Stem cells back from outer space may solve mysterious illnesses of astronauts

Astronauts have a much higher incidence of infections in comparison to humans living under normal gravity. Dr. Millie Hughes-Fulford from the molecular biology department of University of California San Francisco is trying to figure out what may cause this difference. As part of her experiments she has been studying the stem cells that give rise to blood and immune system cells, called hematopoietic stem cells. Today, Dr. Hughes-Fulford is expecting to receive 16 mice that were flown on the Space Shuttle Discovery for two weeks. Various aspects of the stem cells and the immune system will be studied.

The importance of understanding zero-gravity associated immune deficiency comes from the aim of establishing long-term space missions to places like mars, in which the current immune deficiencies observed may take a larger toll on the astronauts. Dr. Hughes-Fulford stated that "many of the conditions found in astronauts are similar to muscular-skeletal diseases in
paralyzed or comatose patients on Earth" she continued to state that she has seen young astronauts come down with shingles, which commonly occur in people past the age of 60.

Over the years I’ve been able to do several experiments on the shuttle, Hughes-Fulford said. We’ve found that the immune system is
suppressed when it doesn’t have gravity.

In the previous George W. Bush administration, after the Space Shuttle Columbia disintegrated on re-entry in 2003, the work on stem cells and space travel lost funding. Hughes-Fulford, Almeida, and other U.S. scientists were able to get access to space-bound missions only because of personal and institutional partnerships, however NIH funding was not permitted despite the adult stem cell nature of the experiments. Hughes-Fulford hopes the Obama administration will make it easier to conduct such spaceflight experiments. This time, Dr. Hughes-Fulford was able to send 16 mice in climate-controlled containers along with Discovery. Her team will analyze how mouse white blood cells respond to a simulated infection during flight and upon return, and compare that with how white blood cells behave in 16 Earthbound mice.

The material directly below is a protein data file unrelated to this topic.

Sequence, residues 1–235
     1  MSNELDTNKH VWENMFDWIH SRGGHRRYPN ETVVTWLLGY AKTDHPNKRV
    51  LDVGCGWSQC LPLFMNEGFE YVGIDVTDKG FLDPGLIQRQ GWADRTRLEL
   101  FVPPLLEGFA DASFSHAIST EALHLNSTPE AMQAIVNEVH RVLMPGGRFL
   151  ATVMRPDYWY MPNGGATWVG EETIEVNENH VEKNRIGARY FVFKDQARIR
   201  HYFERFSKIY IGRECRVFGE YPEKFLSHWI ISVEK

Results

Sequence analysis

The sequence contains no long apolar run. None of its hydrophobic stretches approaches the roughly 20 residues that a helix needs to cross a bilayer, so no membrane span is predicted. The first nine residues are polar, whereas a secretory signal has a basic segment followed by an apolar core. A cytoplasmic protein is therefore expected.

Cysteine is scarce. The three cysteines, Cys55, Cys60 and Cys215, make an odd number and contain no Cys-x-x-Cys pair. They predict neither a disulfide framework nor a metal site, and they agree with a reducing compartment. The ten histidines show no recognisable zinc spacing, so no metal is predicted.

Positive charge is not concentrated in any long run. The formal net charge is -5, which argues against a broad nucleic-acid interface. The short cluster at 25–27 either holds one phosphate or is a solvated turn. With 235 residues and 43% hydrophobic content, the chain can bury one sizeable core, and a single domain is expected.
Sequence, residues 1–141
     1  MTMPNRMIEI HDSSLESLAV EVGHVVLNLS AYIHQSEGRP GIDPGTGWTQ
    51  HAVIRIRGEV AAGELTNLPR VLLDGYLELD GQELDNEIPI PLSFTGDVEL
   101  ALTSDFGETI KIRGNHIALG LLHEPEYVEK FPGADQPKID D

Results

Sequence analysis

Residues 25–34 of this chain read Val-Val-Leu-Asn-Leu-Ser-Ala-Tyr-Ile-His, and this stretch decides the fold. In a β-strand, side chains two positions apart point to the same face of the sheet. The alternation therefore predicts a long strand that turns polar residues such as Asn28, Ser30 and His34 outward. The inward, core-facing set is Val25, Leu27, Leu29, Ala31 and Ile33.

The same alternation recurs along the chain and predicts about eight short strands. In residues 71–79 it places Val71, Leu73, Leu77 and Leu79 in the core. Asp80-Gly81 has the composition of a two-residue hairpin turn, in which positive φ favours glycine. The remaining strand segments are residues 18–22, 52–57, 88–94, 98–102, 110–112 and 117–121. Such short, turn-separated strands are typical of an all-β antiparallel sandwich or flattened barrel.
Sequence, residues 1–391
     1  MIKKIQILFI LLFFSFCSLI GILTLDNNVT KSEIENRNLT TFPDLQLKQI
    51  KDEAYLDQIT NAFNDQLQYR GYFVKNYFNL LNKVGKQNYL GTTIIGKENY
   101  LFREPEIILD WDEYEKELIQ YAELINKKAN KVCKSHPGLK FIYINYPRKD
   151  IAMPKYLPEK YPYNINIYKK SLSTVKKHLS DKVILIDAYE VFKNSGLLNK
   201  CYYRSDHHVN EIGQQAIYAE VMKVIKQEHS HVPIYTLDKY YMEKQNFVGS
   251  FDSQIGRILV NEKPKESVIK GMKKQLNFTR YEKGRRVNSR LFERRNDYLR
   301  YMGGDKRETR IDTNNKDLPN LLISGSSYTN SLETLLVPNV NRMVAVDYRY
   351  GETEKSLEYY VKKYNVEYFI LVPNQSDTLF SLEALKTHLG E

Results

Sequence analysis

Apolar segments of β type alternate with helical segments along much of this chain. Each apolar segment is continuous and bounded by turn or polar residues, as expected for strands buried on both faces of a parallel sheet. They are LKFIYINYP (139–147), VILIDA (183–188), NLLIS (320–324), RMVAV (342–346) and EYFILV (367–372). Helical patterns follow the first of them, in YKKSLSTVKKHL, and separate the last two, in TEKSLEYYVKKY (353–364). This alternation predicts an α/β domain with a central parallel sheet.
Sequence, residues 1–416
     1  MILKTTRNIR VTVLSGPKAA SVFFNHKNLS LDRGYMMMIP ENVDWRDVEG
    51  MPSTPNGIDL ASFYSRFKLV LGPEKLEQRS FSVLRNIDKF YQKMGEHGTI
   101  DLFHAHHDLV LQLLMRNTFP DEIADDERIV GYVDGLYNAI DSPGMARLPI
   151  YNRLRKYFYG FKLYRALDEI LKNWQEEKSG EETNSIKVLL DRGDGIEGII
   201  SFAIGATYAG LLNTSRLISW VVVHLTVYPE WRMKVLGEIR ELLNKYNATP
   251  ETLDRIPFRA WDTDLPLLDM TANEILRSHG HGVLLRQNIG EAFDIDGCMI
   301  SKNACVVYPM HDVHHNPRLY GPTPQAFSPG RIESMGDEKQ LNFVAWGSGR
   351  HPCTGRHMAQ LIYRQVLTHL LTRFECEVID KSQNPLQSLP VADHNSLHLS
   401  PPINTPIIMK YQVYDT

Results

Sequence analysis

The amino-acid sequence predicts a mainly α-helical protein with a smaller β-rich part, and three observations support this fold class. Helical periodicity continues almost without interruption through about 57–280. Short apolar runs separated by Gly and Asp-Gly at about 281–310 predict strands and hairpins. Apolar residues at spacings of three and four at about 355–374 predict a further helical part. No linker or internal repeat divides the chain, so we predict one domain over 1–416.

Her results from previous flight experiments are pretty compelling, said Daniel Bikle, professor of medicine and dermatology at UC San Francisco. He continued If there’s any failure of these stem cells to differentiate into normal tissues, that could cause problems, he said. If we ever do get around to sending somebody to Mars and somebody gets pregnant, if stem cells fail to differentiate you wouldn’t get a normal baby.

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